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Journey to Africa – Make Your World Bigger

Blog by Associate Rosie Blackburn

With great excitement and some fear I left the comfort of my world and embarked on an eighteen day journey to Kenya and Tanzania January 9th-27th.  Marybeth Irvine, OPA, my wonderful travel companion and I joined 18 other travelers led by Fr. Joe Mitchell and Donna Manuel from the Earth & Spirit Center of Louisville, KY.

I think I will be processing this trip for the rest of my life!  Kenya is our homeland, where we as humans began and I felt that as we drove thru the country and walked on the land.  The energy of the land is palatable.  It is truly God’s paradise.  The landscape is breath taking; I kept hearing the song “This is Holy Ground” in my head as I walked on the land and viewed it from the bus.  And the people – I struggle to find the words to describe the beautiful faces of these wonderful people.  They opened their hearts to us and welcomed us, celebrated life with us, fed us and shared their land with us.  The faces of God – loving us just because.

We visited Kibera, the largest slum in Africa, and played with these beautiful children that were so grateful we had come to visit.  They were joyful, very proud of their school and very interested in our physical appearance!  The poverty was overwhelming and yet these children found joy in what they had that day, a meal and visitors to play with!

Now that I am back home I find myself much more mindful and appreciative of my many blessings.  I am ever so thankful for water and hot showers.  My first trip to the grocery when I returned found me in tears at the abundance of choices and all the excess we take for granted.  I am forever grateful for these beautiful people showing me the face of God and the beauty of our wonderful world.

Posted in Associate Blog, News


Blog by Associate Colette Parker

Did you hear about the police officer who got caught on video playing with dolls?

If you didn’t, you missed a heartwarming story.

It goes something like this: Corporal C.B. Fleming — a 15-year veteran of the South Hill, Virginia Police Department — responded to a report of a gas leak at an apartment complex. Once first responders determined that the area was safe, Fleming took the opportunity to play with some of the neighborhood children.

Video footage shows Fleming laying on his stomach on the ground, playing dolls and talking with two young girls.

The woman who captured the video (identified as the mother and aunt of the two girls) lauded Fleming as a community “superhero” who took the time to help the children feel safe by interacting with them in a positive way (Fleming could also be seen in the video coloring with sidewalk chalk and talking with two young boys).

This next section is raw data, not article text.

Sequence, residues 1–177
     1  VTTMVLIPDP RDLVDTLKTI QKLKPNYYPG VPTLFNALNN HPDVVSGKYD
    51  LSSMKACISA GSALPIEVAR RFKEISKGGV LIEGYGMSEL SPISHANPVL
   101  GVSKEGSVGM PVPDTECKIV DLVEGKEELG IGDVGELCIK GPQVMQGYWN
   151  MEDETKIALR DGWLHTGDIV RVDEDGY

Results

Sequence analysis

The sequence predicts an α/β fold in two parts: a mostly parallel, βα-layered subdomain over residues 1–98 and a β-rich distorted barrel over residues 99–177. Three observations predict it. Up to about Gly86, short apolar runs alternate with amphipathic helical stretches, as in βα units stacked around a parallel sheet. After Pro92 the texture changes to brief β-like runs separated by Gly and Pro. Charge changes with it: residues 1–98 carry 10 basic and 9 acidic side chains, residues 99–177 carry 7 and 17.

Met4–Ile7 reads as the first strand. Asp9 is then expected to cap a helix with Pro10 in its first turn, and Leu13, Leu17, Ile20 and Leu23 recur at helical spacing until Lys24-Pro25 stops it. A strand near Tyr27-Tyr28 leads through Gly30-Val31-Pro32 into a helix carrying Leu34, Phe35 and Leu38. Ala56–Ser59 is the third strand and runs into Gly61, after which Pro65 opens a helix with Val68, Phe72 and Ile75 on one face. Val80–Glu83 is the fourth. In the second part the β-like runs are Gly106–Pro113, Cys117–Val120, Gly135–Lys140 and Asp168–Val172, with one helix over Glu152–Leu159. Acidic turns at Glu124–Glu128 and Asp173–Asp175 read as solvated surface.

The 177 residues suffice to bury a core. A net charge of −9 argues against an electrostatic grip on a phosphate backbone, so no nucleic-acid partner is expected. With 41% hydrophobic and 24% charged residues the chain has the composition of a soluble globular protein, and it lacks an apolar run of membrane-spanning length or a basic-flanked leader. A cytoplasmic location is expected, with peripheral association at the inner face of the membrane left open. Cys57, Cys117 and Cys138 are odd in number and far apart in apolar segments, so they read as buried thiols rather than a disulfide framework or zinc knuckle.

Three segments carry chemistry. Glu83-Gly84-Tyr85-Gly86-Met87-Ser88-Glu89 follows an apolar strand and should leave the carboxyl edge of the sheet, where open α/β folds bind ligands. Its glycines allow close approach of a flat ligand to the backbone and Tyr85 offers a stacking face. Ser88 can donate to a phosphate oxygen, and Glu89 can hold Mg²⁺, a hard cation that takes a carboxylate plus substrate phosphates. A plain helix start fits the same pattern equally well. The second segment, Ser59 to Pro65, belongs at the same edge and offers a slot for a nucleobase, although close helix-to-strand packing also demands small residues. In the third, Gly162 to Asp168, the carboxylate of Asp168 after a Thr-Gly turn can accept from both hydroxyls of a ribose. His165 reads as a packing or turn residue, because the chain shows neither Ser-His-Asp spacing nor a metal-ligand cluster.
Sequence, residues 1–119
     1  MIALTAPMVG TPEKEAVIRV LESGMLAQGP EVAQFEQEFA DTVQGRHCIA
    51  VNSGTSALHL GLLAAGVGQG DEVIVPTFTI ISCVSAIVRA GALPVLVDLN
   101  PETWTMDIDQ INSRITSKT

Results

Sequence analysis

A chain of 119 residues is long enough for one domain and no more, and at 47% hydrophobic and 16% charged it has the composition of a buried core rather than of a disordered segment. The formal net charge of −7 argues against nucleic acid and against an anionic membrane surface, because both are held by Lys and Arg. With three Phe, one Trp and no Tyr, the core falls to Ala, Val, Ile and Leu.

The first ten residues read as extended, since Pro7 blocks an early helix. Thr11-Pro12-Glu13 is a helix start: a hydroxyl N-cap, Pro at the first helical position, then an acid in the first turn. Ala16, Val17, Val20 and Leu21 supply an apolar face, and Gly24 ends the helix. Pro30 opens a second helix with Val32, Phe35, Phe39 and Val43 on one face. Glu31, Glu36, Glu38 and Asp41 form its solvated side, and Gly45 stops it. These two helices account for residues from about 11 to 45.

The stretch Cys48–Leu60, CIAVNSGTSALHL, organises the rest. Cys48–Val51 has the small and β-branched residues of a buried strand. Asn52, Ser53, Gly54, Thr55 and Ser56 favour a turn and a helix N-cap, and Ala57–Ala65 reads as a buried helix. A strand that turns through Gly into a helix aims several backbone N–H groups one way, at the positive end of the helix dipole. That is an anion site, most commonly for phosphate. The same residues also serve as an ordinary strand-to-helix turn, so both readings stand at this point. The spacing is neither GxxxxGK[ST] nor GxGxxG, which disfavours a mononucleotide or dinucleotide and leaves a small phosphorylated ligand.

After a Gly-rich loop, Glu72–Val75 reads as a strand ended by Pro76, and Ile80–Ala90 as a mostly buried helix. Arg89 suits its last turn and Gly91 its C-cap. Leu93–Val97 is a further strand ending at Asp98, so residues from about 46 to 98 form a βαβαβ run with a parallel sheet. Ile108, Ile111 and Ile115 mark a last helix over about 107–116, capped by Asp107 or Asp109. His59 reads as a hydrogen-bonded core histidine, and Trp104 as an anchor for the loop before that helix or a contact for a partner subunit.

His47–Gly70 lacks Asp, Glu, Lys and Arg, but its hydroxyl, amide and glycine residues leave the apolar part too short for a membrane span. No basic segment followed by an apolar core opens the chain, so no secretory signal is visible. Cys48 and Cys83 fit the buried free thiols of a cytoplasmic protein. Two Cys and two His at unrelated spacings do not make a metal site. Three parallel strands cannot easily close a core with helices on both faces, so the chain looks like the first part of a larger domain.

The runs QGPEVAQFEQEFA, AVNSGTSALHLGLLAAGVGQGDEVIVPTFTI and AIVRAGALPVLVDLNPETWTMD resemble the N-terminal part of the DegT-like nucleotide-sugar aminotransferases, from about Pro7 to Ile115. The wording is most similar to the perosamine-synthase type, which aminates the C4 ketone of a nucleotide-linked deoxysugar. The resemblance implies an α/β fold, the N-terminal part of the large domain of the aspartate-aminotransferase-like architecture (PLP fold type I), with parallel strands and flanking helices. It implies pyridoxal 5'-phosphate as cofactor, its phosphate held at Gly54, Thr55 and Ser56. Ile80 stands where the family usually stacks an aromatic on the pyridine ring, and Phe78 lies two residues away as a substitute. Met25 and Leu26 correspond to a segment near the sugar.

Fleming, of course, said he was just doing what he should.

“When I got into this job, I knew there was something different, other than just writing tickets and being the bad person all the time … I figured if I could be that bright spot in someone’s day, then that’s all that mattered.”

Fleming said he hopes his actions, and those of his fellow police officers, will lead to real change in police and community relations. In fact, according to his police chief, Fleming was doing what comes naturally for him – building authentic relationship with people in the community where he serves.

Can you imagine what would happen in our world, if each of us strived to be “that bright spot in someone’s day” and worked to build authentic relationship with the people we encounter each day?

Posted in Associate Blog, News

Watch Your Language!

Blog by Associate Colette Parker

It has been a week since I watched a video of the “doll test” and I still can’t stop thinking about it.

In working to determine why I couldn’t get the video off my mind, I discovered that it was because I was trying to figure out a solution to what I saw as a problem: black children identifying black dolls as “ugly” and “bad” while identifying white dolls as “pretty” and “good”.

Before moving on, let me provide a little background:  “the doll” test is a psychological experiment designed in the 1940s in the United States to test the degree of marginalization felt by African-American children because of prejudice, discrimination, and racial segregation. The test — based on the research of Mamie Phipps Clark, a black female psychologist — was conducted by Phipps Clark and her husband, psychologist Kenneth Bancroft Clark.

During the test, the Clarks used diaper-clad dolls, identical except for color. They showed the dolls to black children between the ages of three and seven. When asked which they preferred and which was “nice” and “pretty,” versus “ugly” and “bad,” the majority of the children attributed positive characteristics to the white doll.

The test was utilized as social science evidence in lower-court cases that were rolled into the 1954 landmark United States Supreme Court case Brown vs. Board of Education of Topeka, in which the Court declared state laws establishing separate public schools for black and white students to be unconstitutional. The high court cited the test in support of its conclusion that segregation harmed the psyches of black children.

While some have argued that the test is not good science, I subscribe to the notion that it says something about internalized racism and how that internalization begins at a young age.